To roast a Pike
Draw a large Pike at the gills; when he is well washed, fill the belly with great oysters, and lard the back with herrings pickled; tie it on the spit, and baste it with white wine and butter with two or three anchoves dissolved therein; rub your dish with garlick, make sawce with capers, lemmon, butter, and white wine, and some anchoves.

crayfish in jelly
Crayfish in Jelly

Crayfish in Jelly
Set on as much cleare water as will conveniently boyl your crayfish, and season it with Salt, Vinegar, 5 or 6 Bay Leaves, large Mace, whole Cloves 3 or 4, a faggot of sweet Herbes bound up hard together; so soon as this preparative boyls, put in your crayfish, being clean wiped; do not remove the shells, it being boyl'd take it up; it will be best to put in your Spices after the crayfish is in and scummed: the fish being boyled and taken up, straine the liquor throw a jellybagg, and put to it a piece of Iceing-glass (a gelatin), being washed and steeped for the purpose, and boyle it very cleanely: hang the crayfish in some glasse (a mould) by a thred, and fill the glasse with the jelly when it is warme, it being cold turn it out on the glasse plate; you may colour your jelly in divers colours but I think white to be the best for this use.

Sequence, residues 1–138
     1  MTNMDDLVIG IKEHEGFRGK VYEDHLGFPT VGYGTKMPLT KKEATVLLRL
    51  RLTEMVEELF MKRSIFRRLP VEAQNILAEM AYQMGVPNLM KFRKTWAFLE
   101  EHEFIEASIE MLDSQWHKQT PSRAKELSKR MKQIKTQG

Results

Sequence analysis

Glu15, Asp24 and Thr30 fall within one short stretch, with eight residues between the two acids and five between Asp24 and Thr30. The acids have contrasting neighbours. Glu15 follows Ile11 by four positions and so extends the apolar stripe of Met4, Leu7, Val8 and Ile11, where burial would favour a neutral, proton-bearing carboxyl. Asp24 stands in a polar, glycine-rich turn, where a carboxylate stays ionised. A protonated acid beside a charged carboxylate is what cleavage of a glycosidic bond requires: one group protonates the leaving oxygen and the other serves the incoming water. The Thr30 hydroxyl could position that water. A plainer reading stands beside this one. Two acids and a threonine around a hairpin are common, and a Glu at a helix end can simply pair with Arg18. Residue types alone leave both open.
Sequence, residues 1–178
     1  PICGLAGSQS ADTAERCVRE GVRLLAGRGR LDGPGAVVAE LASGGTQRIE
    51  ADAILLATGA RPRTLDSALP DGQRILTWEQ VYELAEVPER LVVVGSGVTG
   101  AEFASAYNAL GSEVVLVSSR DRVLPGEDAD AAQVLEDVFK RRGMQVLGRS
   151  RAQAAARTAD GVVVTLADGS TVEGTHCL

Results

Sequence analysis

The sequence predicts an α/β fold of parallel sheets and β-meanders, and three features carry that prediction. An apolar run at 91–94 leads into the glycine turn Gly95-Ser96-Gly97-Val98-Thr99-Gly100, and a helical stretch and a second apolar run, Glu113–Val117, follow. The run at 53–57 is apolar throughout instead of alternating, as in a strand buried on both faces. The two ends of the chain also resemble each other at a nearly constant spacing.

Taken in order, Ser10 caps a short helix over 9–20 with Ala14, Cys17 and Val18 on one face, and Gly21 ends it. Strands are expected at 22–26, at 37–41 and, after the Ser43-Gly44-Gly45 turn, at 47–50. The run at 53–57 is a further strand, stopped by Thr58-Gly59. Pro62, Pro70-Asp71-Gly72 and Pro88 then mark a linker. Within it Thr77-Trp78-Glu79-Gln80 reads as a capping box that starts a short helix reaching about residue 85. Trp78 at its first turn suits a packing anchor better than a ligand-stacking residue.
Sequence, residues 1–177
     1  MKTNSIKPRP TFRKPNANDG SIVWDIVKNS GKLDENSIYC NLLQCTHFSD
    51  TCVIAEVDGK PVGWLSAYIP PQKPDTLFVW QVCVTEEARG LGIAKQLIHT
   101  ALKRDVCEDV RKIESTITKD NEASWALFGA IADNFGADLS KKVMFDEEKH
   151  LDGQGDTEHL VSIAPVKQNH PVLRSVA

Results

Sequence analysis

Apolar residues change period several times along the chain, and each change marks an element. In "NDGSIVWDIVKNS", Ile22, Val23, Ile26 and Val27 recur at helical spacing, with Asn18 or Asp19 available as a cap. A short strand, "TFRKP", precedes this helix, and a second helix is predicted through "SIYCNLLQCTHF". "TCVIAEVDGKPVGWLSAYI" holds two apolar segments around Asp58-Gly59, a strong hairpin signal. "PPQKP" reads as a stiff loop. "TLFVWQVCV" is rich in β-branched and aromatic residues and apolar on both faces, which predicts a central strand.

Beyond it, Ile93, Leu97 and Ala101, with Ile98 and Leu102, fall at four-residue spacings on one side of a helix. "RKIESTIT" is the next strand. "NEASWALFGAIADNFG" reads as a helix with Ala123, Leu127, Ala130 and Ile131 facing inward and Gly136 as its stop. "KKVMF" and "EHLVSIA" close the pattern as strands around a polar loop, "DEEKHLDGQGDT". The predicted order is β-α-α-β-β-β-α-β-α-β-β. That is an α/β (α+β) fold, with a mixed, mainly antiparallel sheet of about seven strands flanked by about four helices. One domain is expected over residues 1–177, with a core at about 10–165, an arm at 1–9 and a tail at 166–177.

Stewed Potatoes

How to stew Potatoes
Boyle or roast your Potatoes very tender, and blanch them; cut them into thin slices, put them into a dish or stewing-pan, put to them three or foure Pippins sliced thin, a good quantity of beaten Ginger and Cynamon, Verjuice, Sugar and Butter; stew these together an hour very softly; dish them being stewed enough, putting on them Butter and Verjuice beat together, and stick it full of *green Sucket or Orrengado, or some such Liquid sweet-meat; sippit it and scrape Sugar on it, and serve it up hot to the Table.